Pí Suruí- Indigenous Activism and Photography
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Pí Suruí: Indigenous Activism and Photography

From the Paiter Suruí indigenous community in Brazil, 24-year-old Pí Suruí is both a budding photographer and a psychology student. She has dedicated extensive time photographing other indigenous communities and is an activist for her people. Suruí photographed at COP 26 and saw closely the environment of the conference. She kindly refers to other indigenous communities as ‘relatives’ or ‘parente’ in Portuguese.

“Relatives are relatives everywhere, we call each other relatives when they are indigenous peoples. We sympathize with others. Because it’s no use fighting for my people and forgetting the people who are there on my side. How are we going to strengthen the fight if this is not the case?” says Pí Suruí.

The ‘Suruí’ from Rondônia call themselves ‘Paiter’, which means ‘true people, ourselves” and they communicate in a language from the group ‘Tupi’ and from the linguistic family ‘Mondé’. They live in the indigenous land of ‘Sete de Setembro’ on the border between the states of Rondônia and Mato Grosso in Brazil. Their official contact with non-indigenous was registered in 1969.

“Indigenous Peoples need to tell their own stories, we have lived a long time with our story being told by other people, from another perspective, a more colonizing perspective. Time has come for us to tell our story and who is better to tell our history than ourselves?” says Pí Suruí when asked about her motivations to be an activist and photographer.

“There came a time when I could use photography as a fighting tool, and that’s when I started to take pictures of my people and the people I work with. I want to tell this story in a way that we don’t see, it’s an indigenous angle”.

Pí Suruí

Pí Suruí: the importance of female leadership in indigenous communities

Pí Suruí also discussed the importance of female leadership in indigenous communities’ activism. “My people are patriarchal, so it is men who are the chief and chief of the people. And every village has its chief as well. It’s a hierarchy so it’s from parent to child. But today, women are taking up space and having space within the community. I am the first indigenous woman photographer of my people,” says Pí Suruí.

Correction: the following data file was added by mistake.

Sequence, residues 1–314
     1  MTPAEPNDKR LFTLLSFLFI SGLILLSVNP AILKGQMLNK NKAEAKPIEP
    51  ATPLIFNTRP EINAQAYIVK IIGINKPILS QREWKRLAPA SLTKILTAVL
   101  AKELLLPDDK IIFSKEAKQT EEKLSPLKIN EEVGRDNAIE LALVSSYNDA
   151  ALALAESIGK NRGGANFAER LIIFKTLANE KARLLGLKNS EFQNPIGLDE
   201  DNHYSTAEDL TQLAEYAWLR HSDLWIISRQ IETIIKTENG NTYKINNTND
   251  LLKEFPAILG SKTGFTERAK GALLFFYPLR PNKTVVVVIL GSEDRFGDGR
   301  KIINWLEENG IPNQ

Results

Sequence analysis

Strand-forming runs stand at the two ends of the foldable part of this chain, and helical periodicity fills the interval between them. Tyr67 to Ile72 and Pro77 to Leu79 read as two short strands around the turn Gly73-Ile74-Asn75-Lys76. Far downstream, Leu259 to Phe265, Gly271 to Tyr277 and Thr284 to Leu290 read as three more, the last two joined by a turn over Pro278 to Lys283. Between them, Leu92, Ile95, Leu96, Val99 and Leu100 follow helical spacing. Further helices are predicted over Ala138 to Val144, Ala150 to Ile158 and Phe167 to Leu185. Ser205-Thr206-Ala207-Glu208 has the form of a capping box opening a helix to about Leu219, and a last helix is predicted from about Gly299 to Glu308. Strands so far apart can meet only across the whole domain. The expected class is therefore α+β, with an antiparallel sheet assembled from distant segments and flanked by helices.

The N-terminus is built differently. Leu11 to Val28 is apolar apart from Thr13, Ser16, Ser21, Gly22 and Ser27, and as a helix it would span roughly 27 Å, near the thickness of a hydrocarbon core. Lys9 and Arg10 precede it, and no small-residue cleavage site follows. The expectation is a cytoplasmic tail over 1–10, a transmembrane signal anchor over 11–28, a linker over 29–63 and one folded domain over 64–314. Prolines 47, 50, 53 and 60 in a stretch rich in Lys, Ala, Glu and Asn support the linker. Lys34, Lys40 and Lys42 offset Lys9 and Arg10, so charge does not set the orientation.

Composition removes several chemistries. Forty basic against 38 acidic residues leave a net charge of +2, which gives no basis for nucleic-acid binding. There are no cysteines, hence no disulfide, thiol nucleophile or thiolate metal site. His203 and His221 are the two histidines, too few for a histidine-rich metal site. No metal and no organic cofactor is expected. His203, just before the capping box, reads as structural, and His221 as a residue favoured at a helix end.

Pí Suruí participated in COP 26 as a photographer for ‘Mídia India’. “It was an incredible and remarkable experience. But it was also a sad experience because we see that indigenous peoples are not included in the decision-making process. The people there are not the one who represents what they brought as a slogan, which is the ‘protection of the forest’ and ‘climate change’, and who better to talk about that than the indigenous peoples?,” says Pí Suruí.

The COP 26 had an imbalanced representation. The Intergovernmental Panel on Climate Change – or IPCC – is an important document discussed at the conference. The authors of the document are largely male despite the large increase in female authors from 1990 from less than 5% to more than 20% in 2018.

Not only there are fewer female authors in the report but also in the climate negotiations at COP 26. Women have low representation in political positions, so they are fewer in climate delegations.

Also, about two-thirds of civil society organisations could not come to Glasgow due to visa, accreditation issues, lack of access to Covid-19 vaccines, and changing travel restrictions. Most of the absent were from the global south which least contributes to greenhouse gasses and suffers the most from climate change.

“We have an indigenous youth movement in Rondonia in which each village has its representative and it is always a woman and a man, and we try hard to include women in these spaces and decisions. Now I see a lot of girls engaged [in projects] and we always try to put half [women] and a half [men]. We try hard to make it very clear that women are important in this journey and that they have a very fundamental role. We understand that even though the culture is very focused on the issue of men, women are fundamental,” says Suruí.